Female Film Photographers You Should Know: Ángela Suarez
Ángela is a brilliant Spanish film photographer born in Madrid but lives and works in-between the wonderful cities of Paris, Berlin and Madrid.
Her work focuses on recreating with great detail entire atmospheres that transport you to an idyllic world through her photographs. Ángela’s work is characterised by the impeccable use of composition and colours and by an enigmatic aura behind the main characters that makes you can’t take your eyes off her photographs.
♦ How would you introduce yourself to someone who just met you?
Hi! I’m Angela and I usually give a hand shake. Although, today with the COVID restrictions, not possible anymore.
♦ What is the memory that you most fondly remember from your childhood?
My white Arabian horse Seyid, reading Gerald Durrell and Stevenson, being raised in the countryside and all the memories surrounding that time brings joy to me
♦ Who were the most influential people during your teens and how did they influence you?
My father and my mother, they got divorced during my teens. This changed, influenced and shaped the conception I had of reality until then. I realised things can change dramatically. My lifestyle changed and everything seemed to die and start again. This feeling of not taking reality for granted still with me.
♦ How did you get in the world of analogue photography?
One boyfriend I had gave me a little point and shoot camera for my birthday, a really cheap and basic one, you know, those point and shoot cameras that anyone could use it. and I instantly fell in love with it.
However, it took me very long and many years to consider myself as a photographer, many failed jobs… I had a solid mental barrier I had to overpass. I would say that more than learning about photography was learning about myself, my fears, my insecurities… The first step was building up my own confidence, I needed to think of me as someone capable of doing something by myself, and is the hardest part.
♦How would you describe the photography you do? What is your work focused on?
I like to think of my photography as mental experiences. I always wanted a time/space transportation machine. The closest I got to this dream is photography. I can look at photos from some years ago and really feel I’m back there, travel to the past, or I can recreate dreams for the future.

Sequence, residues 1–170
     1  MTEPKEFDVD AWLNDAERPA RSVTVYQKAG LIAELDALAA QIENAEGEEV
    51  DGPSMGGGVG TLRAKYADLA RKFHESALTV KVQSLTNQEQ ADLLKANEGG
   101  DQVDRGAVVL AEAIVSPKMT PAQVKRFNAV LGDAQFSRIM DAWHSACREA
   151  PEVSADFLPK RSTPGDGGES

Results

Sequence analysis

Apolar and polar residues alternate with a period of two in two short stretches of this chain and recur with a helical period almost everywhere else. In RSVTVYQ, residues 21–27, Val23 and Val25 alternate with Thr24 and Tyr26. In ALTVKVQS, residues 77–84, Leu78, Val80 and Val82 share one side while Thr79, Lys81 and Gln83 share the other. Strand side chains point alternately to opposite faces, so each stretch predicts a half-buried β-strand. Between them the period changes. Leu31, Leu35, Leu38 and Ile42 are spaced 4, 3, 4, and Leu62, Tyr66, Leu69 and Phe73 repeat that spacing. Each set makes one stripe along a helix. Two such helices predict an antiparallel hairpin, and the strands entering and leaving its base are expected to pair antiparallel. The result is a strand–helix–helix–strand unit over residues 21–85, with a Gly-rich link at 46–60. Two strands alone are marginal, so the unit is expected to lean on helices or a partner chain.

I do some documentary photography and interiors a lot too and I like when people tell me I take them to places through my images. I’m not specially focused on beauty, I’m very interested in creating atmospheres, like when you’re reading a well written book and you can almost smell the place, I look for recreating this feelings all the time. I’m all about where does your mind travel when you see my photos.
♦ Are you working on any photographic project at the moment?
The last months I’ve been portraying women on their homes, kind of erotic portraits inspired by painters like Balthus and Alice Neel and Pasolini’s movies. (By the way, if you’re a girl/woman living in Berlin, Madrid or Paris and would like to be portrayed, send me an inbox, I’m always looking for diverse profiles.)
I always liked sniffing into other people’s places and intimate spaces, like artists’ studios for example, I also have a few of that. I’ve been to surrealist mexican artist Pedro Friedeberg home and studio, to Petrit Halilaj and Alvaro Urbano‘s, Mario García Torres, Lucile Littot, Leila Rahimi or Ariana Papademetropoulos to mention my favorites.
♦ Is there any photographic project that you would like to do but have not done yet?
I want to go to Russia. I have quite an irrational attraction for it since a very young age. Russian aesthetics attracts me in many ways.
♦ Which camera and which film do you use the most in your photography and why?
♦ Who are your biggest influences?
I won’t say they influence what I do, my influences are more about personal experiences. But I really recommend to check the work of Pierre Le Tan, Jim Goldberg, Balthus paintings, Carlos Saura‘s movies, Sei Still‘s music, Val del Omar‘s short movies about Spain, Wim Wenders cinema, Herman Hesse books or Manuel Alvarez Bravo photography to mention some.
♦ What’s the best advice you would give yourself when you started in the world of film photography?
Don’t pay much attention to advice given by others, listen mostly to your inner voice.
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